Jacob O’Malley and Will Hawkins lost their lives in the single-vehicle accident on Nevada State Route 140 when a rear tire suddenly and catastrophically failed. The truck only had four tires, there were no duals on the rear. When the right-rear rim dragged along the pavement the left-front was in the air, eliminating any possibility of control by the driver. The 33,000 pound GVWR engine fishtailed and then rolled several times.

The cab was higher than the water tanks and pump package, so it took the majority of the impact as the top of the vehicle struck the roadway during the rollover. All three occupants were wearing seat belts but with the top of the cab and the A pillar being damaged or sheared off, the restraint system failed to operate as designed. Mr. Hawkins was ejected from the cab and then was hit by the rolling wreckage.

Below is an excerpt from the report:

Finding 3.1 (Material): During the rollover, the upper cab structure (made of reinforced carbon fiber) sheared away from the truck frame, exposing the vehicle’s occupants to a hazardous environment. The disintegration of the cab compromised the driver’s and right side passenger’s seatbelt systems.

Discussion 3.1: The lack of cab crashworthiness did not cause the rollover; however, it contributed to the fatal conditions which occurred during the crash. The reinforced carbon fiber cab on the Unimog was manufactured in France and was built to United Nations Code ECE r29 (commercial vehicle occupant protection), which exceeds U.S. cab crashworthiness standards. The U.S. National Highway Traffic Safety Administration (NHTSA) submitted a report to Congress in 2015 on the need for improved heavy truck crashworthiness standards; however, no action has been taken on this report as of February 2017.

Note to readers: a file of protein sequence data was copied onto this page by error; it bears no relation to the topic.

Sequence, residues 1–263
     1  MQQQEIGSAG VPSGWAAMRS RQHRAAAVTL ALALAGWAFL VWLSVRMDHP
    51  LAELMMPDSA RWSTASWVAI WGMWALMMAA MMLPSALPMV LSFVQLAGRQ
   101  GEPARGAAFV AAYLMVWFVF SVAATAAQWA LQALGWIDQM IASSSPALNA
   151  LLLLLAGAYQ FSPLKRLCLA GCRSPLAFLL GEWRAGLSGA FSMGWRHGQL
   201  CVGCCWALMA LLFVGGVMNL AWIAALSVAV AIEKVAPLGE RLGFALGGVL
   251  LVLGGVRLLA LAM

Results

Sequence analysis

There are 41 articles on Wildfire Today about the rollovers of wildland fire apparatus.

We still stand behind what we wrote in a 2015 article about the many firefighter fatalities from rollovers:

The wildland fire agencies should fund research conducted by engineers to determine how to prevent the passenger compartments in their fire engines from collapsing in accidents.

Thanks and a tip of the hat go out to Eric.
Typos or errors, report them HERE.